This catalogue is compiled by the brokers, each of whom has listings of the teas they are pushing for the week. Besides functioning as auctioneers for their lots, the brokers are also responsible for preparing small 85-gram samples of tea and making them available for inspection by the buyer. It is a broker too who ‘tastes’ the tea – the process of evaluating an infusion of tea leaves by a trained palate. From the colour of the liquor and its taste, he can advise buyers of the kinds of tea which will be available in the months ahead-He can also inform manufacturers of the current demand so that they can modify their methods accordingly, for much of the tea’s quality depends on the processing. Usually each estate sends the tea it has produced to its agent in Colombo who warehouses it. The agent then contacts the broker who takes over the selling of each lot. Time was when foreign agency houses in Colombo represented privately-owned estates, handling the selling and marketing of tea for them. Since the I.and Reform Act of 1975, however, the majority of plantations are state-owned coming under the State Plantations Corporation and the Janatha Estates Development Board.
Today these two organisations are the largest producers and sellers in the country. Sometimes an estate proprietor may wish to sell his tea by private treaty in order to ensure a good price, for that is something he cannot always count on at the public auction. If he wishes to send his produce to the London tea auction in Mincing lane through a British broker, he has to get the permission of the Sri I.anka Tea Board, for the law stipulates that all teas must be sold through a broker at the Colombo auctions.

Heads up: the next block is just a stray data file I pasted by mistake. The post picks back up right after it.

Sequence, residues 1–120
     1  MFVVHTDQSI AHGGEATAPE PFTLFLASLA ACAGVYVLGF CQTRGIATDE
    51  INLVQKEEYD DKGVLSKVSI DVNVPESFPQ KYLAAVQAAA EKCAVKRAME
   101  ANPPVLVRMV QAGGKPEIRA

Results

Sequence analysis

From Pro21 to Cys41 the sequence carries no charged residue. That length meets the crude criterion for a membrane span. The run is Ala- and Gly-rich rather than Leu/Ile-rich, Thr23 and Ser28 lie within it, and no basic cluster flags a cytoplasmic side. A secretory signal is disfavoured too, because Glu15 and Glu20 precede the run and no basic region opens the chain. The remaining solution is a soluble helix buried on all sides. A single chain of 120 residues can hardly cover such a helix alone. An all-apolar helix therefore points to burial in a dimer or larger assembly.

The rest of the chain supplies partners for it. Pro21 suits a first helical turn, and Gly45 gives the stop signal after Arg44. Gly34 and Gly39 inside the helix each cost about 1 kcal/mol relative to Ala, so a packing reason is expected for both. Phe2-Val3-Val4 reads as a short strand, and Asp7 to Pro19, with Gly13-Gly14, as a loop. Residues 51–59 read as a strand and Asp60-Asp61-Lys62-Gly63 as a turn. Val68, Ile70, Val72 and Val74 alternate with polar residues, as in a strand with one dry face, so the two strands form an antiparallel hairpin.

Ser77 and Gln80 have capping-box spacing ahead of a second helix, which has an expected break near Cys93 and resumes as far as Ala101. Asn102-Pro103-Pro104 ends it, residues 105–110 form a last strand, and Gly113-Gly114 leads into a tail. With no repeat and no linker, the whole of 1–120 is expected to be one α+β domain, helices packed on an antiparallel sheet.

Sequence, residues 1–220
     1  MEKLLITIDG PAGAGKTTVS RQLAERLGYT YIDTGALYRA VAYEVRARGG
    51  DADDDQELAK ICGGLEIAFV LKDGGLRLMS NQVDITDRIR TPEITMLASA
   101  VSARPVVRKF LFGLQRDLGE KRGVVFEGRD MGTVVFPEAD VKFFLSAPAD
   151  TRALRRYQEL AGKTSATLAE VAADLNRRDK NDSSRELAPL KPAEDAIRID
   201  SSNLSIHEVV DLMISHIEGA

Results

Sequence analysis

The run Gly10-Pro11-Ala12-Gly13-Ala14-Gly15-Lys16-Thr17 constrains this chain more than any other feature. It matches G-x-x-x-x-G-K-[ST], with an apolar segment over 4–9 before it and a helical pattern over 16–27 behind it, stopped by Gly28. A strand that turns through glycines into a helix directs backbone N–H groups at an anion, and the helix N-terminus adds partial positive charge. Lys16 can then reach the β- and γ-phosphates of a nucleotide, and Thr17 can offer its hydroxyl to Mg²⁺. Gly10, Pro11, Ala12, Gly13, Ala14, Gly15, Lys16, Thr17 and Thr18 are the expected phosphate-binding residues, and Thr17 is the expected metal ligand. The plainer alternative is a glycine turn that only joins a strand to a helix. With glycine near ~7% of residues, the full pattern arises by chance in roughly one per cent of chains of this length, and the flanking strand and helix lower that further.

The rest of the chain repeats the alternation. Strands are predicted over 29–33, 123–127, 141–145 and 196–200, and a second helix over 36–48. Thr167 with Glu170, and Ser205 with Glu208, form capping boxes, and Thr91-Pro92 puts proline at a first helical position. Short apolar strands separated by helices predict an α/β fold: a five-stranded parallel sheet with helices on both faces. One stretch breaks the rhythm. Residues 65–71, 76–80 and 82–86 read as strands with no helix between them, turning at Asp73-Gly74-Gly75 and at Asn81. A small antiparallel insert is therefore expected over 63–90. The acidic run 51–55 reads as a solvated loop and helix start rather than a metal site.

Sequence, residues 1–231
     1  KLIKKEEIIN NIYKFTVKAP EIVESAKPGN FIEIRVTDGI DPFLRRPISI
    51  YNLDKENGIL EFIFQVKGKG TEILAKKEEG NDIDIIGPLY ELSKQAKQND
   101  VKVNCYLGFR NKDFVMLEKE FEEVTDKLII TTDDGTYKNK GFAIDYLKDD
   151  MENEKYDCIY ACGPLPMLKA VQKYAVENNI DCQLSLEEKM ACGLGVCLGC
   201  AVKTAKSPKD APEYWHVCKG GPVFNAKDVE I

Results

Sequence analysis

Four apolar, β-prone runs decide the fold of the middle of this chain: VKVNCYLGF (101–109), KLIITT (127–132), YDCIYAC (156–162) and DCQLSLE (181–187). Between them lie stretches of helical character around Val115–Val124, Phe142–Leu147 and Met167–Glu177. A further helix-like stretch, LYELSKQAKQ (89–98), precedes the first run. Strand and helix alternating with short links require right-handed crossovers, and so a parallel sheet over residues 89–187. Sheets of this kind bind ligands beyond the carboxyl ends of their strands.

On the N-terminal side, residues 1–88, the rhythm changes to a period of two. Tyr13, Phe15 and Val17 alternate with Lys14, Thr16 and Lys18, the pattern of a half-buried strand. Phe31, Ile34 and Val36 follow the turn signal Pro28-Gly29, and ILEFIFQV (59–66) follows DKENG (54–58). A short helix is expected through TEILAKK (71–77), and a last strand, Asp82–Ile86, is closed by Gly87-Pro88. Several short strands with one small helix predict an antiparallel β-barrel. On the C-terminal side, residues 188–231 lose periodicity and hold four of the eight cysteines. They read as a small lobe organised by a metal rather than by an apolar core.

Occasionally, a seller who is dissatisfied with the final bid on his consignment will opt to withdraw that lot and offer it the following week with the hope of it fetching a better price. However, he has to weigh the fact that the quality of tea will diminish with storage.
Among the wide range of low-grown (between sea level and 600 metres), medium-grown (600 meters to 1,200 metres) and high-grown (over 1,200 metres) teas available for sale each week, there are fancy grades, usually in small quantities, like Silver Tips, Golden Tips and Flowery Fannings which go under the hammer for premium prices.
Ceylon tea, as it is better known around the world, was mainly bought up by the British market till recent years when the Middle East usurped the top slot as the biggest buyer. Now Egypt is the leader with Iraq, the United Kingdom, Pakistan and Syria following. Just as estates at different elevations produce tea with varying characteristics, so do buyers from different parts of the world go for teas of a particular variety. For instance, the cup that cheers the Egyptians has to be strong with dark liquoring ( the colour of the liquid), while others in the Persian Gulf go for even stronger, darker teas. The British opt for BOPF (broken orange pekoe fannings), a mild, lighter coloured beverage, while Sri Lankans go for BOP which has good colour and strength.
Despite other beverages, coffee in particular, edging tea out in some markets, tea still has its diehard supporters and is gaining new aficionados. Its versatility as a hot or cold drink that can be imbibed at any time of day has prompted many, including such diverse personalities as Rudyard Kipling, Gladstone and Anthony Burgess, to wax eloquent about it. For Sri Lanka, it is a pot of green gold that is an important prop for its economy and is a direct supporter of more than a million wage-earners.